* This species is an agricultural pest. It is unlawful to release matured moths into the wild. Don't be naughty!

Q & A

Are animals guaranteed?

Paw Shoppe has a 24-hour guarantee on the animal's viability from time of purchase. The sex, health, or behavior of an animal cannot be guaranteed.

What is your return policy on animals?

We accept returns of all animals, for any reason, with original sales receipt within 24 hours of its purchase. Please note, that after 24 hours, acceptance of returned animals depends if we have space to house the animal again. After the 24 hour period, a refund is not guaranteed.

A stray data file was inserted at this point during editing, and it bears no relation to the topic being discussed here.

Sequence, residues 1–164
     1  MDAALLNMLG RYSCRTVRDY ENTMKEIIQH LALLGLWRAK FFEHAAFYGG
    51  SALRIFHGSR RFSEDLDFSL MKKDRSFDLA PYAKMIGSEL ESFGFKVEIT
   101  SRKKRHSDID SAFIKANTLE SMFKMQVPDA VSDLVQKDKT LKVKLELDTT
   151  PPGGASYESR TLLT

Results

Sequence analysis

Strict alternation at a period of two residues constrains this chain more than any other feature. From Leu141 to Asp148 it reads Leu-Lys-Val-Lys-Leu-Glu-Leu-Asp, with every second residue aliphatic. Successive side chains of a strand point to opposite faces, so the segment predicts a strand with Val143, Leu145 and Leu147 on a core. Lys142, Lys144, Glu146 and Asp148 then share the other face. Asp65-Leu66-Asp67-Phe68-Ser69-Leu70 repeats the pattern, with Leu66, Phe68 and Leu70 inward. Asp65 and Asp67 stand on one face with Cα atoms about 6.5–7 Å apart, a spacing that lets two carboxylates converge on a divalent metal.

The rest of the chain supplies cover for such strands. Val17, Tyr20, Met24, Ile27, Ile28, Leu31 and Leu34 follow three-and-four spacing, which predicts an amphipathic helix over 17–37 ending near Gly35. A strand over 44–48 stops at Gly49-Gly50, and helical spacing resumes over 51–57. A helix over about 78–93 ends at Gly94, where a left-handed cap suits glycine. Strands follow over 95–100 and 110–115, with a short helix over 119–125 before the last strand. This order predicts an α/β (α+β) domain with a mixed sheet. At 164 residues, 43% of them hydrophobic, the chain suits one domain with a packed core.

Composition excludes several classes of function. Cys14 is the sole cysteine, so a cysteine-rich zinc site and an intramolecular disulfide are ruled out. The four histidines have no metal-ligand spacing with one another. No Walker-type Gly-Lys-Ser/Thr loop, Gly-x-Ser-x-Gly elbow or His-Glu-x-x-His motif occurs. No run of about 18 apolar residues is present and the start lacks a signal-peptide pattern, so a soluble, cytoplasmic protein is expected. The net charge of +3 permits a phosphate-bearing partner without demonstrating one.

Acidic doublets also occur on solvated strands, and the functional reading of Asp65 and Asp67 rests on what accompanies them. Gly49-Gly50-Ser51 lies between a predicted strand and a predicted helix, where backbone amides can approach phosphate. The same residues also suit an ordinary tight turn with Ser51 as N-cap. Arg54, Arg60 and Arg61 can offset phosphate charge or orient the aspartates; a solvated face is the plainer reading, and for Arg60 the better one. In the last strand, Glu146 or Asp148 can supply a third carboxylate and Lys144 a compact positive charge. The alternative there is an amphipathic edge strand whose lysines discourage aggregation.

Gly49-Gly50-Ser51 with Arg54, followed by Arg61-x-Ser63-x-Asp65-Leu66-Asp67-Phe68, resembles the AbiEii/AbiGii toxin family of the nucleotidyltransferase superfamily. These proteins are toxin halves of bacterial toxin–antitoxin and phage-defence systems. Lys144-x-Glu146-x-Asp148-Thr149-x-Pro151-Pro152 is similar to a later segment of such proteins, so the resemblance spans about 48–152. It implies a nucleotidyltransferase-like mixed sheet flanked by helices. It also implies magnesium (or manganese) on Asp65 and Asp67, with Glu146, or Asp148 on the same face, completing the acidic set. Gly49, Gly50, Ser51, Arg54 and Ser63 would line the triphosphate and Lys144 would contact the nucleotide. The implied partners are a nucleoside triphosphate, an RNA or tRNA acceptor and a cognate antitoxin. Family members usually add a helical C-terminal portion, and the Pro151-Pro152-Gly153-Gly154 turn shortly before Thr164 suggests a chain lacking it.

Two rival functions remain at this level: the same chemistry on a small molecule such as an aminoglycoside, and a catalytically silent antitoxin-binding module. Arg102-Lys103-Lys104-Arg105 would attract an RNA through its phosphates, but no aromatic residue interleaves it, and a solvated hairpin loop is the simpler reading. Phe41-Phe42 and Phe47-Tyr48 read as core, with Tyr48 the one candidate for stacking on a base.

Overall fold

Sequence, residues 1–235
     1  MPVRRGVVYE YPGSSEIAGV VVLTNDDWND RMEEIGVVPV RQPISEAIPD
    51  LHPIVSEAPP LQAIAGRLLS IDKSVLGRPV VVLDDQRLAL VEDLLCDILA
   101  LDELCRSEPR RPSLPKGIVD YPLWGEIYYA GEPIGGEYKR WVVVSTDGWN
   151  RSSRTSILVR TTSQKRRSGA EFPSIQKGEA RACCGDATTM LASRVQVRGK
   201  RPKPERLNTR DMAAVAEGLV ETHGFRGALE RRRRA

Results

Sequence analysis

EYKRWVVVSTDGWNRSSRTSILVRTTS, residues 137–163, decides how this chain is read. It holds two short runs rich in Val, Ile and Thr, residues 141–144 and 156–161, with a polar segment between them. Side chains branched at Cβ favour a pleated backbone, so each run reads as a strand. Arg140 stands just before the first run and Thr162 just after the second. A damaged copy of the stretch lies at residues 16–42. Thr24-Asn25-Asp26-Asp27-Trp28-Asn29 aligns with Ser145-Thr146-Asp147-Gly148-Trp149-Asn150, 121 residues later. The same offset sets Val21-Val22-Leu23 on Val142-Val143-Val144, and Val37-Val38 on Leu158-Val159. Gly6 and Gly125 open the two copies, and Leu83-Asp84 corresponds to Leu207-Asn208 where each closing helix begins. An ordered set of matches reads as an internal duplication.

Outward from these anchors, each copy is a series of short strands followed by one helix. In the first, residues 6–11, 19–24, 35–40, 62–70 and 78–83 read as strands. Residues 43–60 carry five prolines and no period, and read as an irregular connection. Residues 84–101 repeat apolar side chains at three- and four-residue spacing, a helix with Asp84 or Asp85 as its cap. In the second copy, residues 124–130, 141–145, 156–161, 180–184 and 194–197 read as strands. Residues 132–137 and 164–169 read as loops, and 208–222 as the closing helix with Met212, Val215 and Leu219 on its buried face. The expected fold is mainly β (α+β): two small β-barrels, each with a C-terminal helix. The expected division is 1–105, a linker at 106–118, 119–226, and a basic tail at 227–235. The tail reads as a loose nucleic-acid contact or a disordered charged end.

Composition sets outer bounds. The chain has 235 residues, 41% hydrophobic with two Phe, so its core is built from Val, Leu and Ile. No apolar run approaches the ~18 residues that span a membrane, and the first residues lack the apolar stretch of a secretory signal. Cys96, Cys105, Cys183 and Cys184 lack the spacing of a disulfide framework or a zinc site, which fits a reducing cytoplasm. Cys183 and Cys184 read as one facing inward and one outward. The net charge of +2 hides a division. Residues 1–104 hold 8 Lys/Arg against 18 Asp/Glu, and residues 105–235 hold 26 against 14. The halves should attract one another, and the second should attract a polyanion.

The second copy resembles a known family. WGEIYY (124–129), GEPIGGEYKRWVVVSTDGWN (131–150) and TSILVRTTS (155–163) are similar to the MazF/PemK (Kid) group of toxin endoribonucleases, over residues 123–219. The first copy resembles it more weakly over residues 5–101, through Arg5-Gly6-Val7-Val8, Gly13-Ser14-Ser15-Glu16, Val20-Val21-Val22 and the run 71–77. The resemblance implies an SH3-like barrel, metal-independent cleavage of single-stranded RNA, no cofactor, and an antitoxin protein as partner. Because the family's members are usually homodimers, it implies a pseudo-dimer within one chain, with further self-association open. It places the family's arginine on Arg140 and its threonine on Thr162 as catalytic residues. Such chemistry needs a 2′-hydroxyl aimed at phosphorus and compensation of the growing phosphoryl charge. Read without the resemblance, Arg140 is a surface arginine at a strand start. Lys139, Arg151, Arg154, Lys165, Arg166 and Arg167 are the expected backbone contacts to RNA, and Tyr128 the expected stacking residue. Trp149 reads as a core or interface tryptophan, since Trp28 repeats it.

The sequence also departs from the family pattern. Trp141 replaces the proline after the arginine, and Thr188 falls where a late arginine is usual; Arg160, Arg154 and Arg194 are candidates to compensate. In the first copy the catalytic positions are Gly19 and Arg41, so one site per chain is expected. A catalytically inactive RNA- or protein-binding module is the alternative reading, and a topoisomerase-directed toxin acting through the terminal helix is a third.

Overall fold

If you need to return an adopted rescue cat or rabbit, please call us first; it is likely that we can host the animal here at the shop again.

Do you take donated animals?

Yes, sometimes, if the animal is in good health and we have the facility to house it. By state law, we cannot accept donated dogs, cats, or rabbits. Paw Shoppe follows standard animal quarantine procedures for new livestock entering the store, especially birds, before they are put up for sale. Please note that a donated animal is a surrender; we do not buy pets.

I found a lost pet or need to find a home for a pet. What can I do?

If you are looking to home (not sell) an animal, you are welcome to post a flyer in our shop window with the following information: a description, a picture, and a way to contact you. We only keep flyers posted for 1 month.

Please also consider other online resources that will reach a broader audience.